One hopes to discover many things on a trip to Malaysia; the sight of the Twin Towers silhouetted against the city skyline, experiencing seasickness on expensive cruise ships whilst roaming the (let's say, fashionably) emerald waters in Langkawi, even taking a hike with the low-lying, drifting clouds in the Outdoor Theme Park in Genting Highlands, and lastly but most especially, eating a generous scoop of blue-coloured and blueberry-flavoured candy-floss in a cone in Putrajaya.
What one least expects to discover, it is needless to say, is a French-themed resort by the name Colmar Tropicale Berjaya Hills Resort (admittedly inspired by the original Colmar Village in Alsace, France), furnished with a dusting of sidewalk cafés and restaurants, gaming arcades and a popcorn stand which serves the most deliciously decadent caramel popcorn known to man.
Tucked away a decent 2700-3500 feet away from modern civilisation in Bukit Tinggi, the Resort standing proudly, but not domineeringly so, is led to by an old-fashioned cobblestone path. The gravel path spreading under it is flanked by flowers of uncommon variety, dotting twin rows of knee-length shrubbery on either side of the road.
The road in question leads to a stone stairway down to the enclosed, dirty lakes where swans, of indiscriminate blacks and whites, are swaddled. They make for delightful company, floating close to eagerly peck at offerings of cheese crisps from kind hands, bobbing down gaily to soften them in the water in a gesture strangely reminiscent of that of a mother feeding her toothless child, before swallowing them whole.
The lakes are overlooked by small, comely medieval cottages, their windows winking with the mellow glow of yellow-lit bedrooms which are available for renting in the event that one wishes to explore the village during the night, even though a handful of daylight hours can prove quite sufficient for a thorough excursion through the village.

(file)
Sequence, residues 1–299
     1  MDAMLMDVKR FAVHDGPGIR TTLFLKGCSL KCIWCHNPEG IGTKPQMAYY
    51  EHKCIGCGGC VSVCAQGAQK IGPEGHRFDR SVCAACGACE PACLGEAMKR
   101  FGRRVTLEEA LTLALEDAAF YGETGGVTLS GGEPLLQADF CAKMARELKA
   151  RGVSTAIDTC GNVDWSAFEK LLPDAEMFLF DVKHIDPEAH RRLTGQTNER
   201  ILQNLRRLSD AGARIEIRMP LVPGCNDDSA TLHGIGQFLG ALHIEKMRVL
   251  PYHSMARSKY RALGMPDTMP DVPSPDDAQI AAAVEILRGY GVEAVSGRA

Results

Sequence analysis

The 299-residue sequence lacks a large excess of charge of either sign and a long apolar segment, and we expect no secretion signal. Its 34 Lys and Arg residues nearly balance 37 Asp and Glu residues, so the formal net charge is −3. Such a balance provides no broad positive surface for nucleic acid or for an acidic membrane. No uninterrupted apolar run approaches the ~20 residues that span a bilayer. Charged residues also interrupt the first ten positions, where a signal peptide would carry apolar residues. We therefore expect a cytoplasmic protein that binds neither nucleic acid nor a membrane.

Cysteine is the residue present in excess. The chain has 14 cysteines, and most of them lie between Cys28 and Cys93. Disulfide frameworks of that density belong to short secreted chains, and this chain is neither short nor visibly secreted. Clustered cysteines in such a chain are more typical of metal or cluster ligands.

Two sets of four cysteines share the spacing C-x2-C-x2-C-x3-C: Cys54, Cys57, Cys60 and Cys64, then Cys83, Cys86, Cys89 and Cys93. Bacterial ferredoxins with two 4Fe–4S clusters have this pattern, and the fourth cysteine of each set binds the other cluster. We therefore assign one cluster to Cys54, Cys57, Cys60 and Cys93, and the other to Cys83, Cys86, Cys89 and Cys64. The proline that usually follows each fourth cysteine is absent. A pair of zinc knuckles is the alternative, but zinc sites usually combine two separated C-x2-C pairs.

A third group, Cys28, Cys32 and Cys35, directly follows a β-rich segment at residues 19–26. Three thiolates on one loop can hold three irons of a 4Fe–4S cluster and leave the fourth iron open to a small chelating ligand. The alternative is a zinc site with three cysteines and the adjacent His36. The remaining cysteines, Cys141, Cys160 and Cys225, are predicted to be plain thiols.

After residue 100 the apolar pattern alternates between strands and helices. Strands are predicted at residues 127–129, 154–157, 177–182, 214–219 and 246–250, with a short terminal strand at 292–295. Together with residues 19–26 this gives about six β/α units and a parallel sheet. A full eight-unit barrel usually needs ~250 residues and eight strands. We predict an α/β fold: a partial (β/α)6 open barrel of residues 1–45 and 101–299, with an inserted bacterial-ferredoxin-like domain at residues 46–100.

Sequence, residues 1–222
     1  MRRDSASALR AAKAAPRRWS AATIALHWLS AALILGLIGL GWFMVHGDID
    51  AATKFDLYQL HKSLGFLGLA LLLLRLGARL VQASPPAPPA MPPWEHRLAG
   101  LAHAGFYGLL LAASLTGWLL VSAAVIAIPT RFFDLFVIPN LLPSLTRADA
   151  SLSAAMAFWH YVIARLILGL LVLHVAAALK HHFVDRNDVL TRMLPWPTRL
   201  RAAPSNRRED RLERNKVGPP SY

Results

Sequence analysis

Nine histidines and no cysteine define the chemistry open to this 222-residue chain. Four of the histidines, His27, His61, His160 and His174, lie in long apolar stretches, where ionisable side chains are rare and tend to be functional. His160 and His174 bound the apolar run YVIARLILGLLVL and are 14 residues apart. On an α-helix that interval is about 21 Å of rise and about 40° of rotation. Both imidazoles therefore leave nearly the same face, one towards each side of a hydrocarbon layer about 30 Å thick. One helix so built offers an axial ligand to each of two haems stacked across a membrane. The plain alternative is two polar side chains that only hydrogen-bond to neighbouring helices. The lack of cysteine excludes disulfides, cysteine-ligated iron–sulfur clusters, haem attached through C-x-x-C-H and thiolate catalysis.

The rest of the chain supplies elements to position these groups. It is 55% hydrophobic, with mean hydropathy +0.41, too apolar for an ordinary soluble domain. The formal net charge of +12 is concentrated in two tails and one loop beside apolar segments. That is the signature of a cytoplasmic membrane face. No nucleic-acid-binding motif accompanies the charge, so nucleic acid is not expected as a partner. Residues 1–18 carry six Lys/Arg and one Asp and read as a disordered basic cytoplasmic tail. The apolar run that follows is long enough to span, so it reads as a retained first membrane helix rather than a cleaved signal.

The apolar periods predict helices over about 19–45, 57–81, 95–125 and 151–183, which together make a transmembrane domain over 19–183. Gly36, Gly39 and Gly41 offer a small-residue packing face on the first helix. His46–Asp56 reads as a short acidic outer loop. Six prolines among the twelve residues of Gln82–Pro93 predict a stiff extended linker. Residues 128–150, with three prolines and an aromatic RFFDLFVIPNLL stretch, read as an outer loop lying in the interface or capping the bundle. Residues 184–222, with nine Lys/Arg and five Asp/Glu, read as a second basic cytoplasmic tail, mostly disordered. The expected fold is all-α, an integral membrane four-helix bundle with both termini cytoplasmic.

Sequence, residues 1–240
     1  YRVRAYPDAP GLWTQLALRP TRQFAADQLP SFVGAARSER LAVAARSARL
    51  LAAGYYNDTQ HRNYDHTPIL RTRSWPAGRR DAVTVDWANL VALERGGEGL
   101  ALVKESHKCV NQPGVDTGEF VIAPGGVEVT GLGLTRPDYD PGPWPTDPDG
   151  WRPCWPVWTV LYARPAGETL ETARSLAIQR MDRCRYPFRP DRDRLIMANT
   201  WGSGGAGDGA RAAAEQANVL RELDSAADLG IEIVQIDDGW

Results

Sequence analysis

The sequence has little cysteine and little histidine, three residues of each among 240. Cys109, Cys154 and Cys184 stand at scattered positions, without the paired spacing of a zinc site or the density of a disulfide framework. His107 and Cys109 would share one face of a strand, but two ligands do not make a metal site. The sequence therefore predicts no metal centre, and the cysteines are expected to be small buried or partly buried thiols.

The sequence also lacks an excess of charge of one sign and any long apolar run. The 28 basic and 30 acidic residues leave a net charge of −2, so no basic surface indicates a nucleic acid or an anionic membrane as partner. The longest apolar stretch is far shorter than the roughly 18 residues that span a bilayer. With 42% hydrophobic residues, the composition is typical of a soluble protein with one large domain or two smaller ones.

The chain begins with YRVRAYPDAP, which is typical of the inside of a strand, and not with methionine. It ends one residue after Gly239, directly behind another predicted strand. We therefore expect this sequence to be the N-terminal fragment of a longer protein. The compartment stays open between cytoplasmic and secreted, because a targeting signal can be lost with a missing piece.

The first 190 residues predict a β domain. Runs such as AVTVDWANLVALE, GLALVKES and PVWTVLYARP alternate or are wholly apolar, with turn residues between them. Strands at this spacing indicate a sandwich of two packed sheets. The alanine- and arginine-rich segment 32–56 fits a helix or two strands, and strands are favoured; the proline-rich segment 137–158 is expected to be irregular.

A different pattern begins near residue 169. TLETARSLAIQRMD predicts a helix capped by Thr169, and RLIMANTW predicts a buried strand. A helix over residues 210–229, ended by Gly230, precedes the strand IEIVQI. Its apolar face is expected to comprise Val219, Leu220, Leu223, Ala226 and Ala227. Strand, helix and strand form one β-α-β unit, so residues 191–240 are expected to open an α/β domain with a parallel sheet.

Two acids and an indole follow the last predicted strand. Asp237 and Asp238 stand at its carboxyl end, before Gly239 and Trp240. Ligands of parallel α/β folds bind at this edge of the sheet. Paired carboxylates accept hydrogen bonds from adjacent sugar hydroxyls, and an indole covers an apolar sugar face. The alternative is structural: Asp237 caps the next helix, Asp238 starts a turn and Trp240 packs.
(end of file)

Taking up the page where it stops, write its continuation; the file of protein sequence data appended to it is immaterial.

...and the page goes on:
Whilst traversing the graveled path of the village, expect a tame rain shower as the general climate is quite cool. The bakeries will tempt you with freshly-baked croissants and garlic and cheese bread, éclairs and white chocolate cupcakes, all of which can be considered to be of a reasonable price range if one takes into account that they make up for their French quintessence in appearance as opposed to taste.
The restaurants and cafés have outdoor dining spaces in conjunction to the dimly-lit indoors, but they are both very appealingly rudimentary in design with round tables in checkered tablecloths enclosed by wooden chairs on thin legs. One can have a little rest while enjoying a moderately tasteful slice of cheese pizza or a bite of pasta while still remaining privy to the ongoing bustle (and what a bustle it is!) of human chatter and feet. Interestingly enough, if an approximate ratio is to be considered, it is a more popular destination at the end of a long road trip for natives rather than tourists.
Further on, one will find a noble soul in a shockingly orange Jerry Mouse suit, posing obediently for pictures with rambunctious children and elders alike. One curious artifact is that of an equine taxidermy, dressed like something out of a psychedelic dream, peering at passers-by with an unblinking and unsmiling gaze. It, as well as the fountain near which it stands, seem both in and out of place in this teeming town of travellers. The fountain houses small schools of fish and draws the attention of children who blow bubbles into it with the gusto of eager magic-fountain-wish-makers.
The trek back to the Colmar Tropicale Resort will seem a long one for weary feet. Only lodgers, as yours truly had been informed are allowed upstairs, but the lobby is open to all visitors. It has an unkempt and bare look, rather dull and dusty carpets spread across the floor and tables with empty glasses wearing fingerprints and dirty tissue paper. The knights standing motionless in their silver armours too seem lodged in a mistaken time warp. But of course, when I remember, I do not remember any of this, not really.
How can I when the domed ceiling and long windows of the Colmar Tropicale house beautiful mosaic portraits of creatures in various degrees of poignant and cherubic glory, as in scenes from a Biblical fable or play? No, of my travel around this quaint, pseudo-French, treasure of a village, this is what I remember most.
Nuzhat Biswas is the oft-curious hypen betwixt an incurable humanist.